Thursday, May 12, 2011

Steaming a Goose Egg

Down here on the Farm we have two lovely female geese who give us GIGANTIC eggs very frequently. We sell them at the farm stand and people are frequently asking about how you cook them, what do they taste like, etc. I had only known from my Mother what they are like... and hearsay just doesn't cut it for me when it comes to food (and wine!) so I had to try one for myself. My favorite way to cook any egg is to steam it. I love when the center is runny because that is when you can really taste all that rich flavor. Steaming the egg also preserves that virgin look unlike frying which makes both sides browned and, at least when I do it, ugly.

How to Steam an Egg:
Steamed Goose Egg
  • turn the stove on medium heat and melt a little bit of butter or oil what ever you choose just enough so the egg wont stick to the pan. 
  • when the pan is hot enough (I usually flick a little water onto the pan and if it sizzles then the pan is hot enough) crack the egg into the pan. Have about a tablespoon of water close at hand and a cover large enough to fit around the egg inside the pan. Immediately after cracking the egg into the pan drizzle the tablespoon of water around the perimeter of the egg and quickly cover it. Let the egg steam for about 50 seconds to 1 minute (for a goose egg, since it is larger, cook for about a minute).
  • lift off the cover and make sure there is a translucent white color covering the yolk, that means it is cooked to perfection! If you can still see the vibrant orange of the yolk clearly, put the cover back on for a few more seconds.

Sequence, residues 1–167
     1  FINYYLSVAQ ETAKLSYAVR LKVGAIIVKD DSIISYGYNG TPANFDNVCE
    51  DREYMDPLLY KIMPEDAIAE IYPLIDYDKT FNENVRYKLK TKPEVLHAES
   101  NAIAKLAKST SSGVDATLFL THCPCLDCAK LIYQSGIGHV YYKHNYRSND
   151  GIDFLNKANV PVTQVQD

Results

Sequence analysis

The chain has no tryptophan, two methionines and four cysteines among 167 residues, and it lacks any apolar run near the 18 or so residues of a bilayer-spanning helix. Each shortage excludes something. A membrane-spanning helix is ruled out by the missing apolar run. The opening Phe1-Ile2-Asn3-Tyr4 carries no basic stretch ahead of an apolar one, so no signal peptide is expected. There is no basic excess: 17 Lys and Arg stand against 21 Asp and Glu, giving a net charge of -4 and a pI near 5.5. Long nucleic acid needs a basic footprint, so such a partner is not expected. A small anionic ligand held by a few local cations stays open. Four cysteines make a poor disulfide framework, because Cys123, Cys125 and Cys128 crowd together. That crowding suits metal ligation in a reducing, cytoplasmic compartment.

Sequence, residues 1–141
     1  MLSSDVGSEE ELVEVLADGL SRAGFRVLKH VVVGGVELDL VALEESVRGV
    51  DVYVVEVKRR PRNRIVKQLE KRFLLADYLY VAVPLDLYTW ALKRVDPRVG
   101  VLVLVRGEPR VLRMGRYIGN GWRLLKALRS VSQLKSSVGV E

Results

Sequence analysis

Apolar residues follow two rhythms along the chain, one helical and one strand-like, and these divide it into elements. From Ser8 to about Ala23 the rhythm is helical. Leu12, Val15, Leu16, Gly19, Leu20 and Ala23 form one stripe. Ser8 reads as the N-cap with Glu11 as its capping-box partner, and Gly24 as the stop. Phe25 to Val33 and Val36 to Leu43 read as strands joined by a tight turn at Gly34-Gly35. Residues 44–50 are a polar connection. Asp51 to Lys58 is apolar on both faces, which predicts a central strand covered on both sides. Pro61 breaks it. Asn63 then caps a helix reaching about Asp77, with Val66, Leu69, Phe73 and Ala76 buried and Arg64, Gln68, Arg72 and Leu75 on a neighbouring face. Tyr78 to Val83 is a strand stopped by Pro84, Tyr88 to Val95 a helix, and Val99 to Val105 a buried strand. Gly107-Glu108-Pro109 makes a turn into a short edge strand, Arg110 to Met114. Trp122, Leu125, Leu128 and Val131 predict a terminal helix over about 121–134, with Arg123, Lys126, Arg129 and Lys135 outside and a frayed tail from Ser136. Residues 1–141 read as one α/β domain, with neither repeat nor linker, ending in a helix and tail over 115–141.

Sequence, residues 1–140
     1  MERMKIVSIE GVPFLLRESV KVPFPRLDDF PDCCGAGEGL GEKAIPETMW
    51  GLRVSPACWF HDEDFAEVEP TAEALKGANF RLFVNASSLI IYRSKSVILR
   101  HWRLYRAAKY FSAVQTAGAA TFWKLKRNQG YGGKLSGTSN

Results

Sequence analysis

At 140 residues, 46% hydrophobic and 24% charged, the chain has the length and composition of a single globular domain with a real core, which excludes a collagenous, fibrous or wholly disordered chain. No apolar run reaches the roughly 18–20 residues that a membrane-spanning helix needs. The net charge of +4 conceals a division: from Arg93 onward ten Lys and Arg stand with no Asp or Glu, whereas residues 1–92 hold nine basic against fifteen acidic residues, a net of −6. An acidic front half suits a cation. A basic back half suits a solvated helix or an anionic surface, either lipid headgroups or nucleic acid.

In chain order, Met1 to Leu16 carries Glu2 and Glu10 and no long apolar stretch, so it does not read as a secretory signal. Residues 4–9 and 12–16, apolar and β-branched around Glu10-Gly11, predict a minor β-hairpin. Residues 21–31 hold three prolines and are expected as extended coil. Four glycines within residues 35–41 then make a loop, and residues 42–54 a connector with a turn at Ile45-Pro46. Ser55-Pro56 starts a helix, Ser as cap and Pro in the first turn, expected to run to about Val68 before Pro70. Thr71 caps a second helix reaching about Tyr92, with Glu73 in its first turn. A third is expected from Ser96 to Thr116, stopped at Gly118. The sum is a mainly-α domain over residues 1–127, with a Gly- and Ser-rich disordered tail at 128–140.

• When your egg is done simply slide it onto a plate sprinkle a little bit of salt and pepper (or seasoning of your choice) and enjoy! 

Savor the Flavor!
  • The yolk of this to me was very different than a chicken egg. I detected flowery notes in the yolk of the goose egg unlike the more earthy flavor of a chicken egg. It was so delightful.
  • The white of the egg was also very thick and firm... amazing!
  • Cooking mistake: My heat was on high when I started this process which caused a little browning on the outer white and that dark ring around the outside of the yolk... this is why medium- medium-low heat the entire way through is much better. You will come out with perfect color and minimal if no browning at all. My Mother always tells me, "Julia, your heat is too HIGH! Low and slow is better it preserves taste." 
**Being part of the right now! generation I tend to rush everything but when it comes to cooking and life for that matter it is imperative that we all slow down and enjoy the process... it will be well worth the wait.

Enjoy Great Taste!


  1. I love eggs, for any meal or snack the possibilities are endless. Having never tried goose eggs I find myself now craving their taste.
    Are they available any time?

  2. Yes, usually, :)
    We only have two lady geese in the back so we get about 6 egg's a week, approx.
    I don't think geese lay as effeciently as chickens do, as chickens lay an egg every 26 hours. But... we haven't had geese eggs this week so far so either my Mom hasn't collected or they are saving all their egg laying for the weekend! I will assume I will find a sink full when I get to work this morning ready to be cleaned and enjoyed!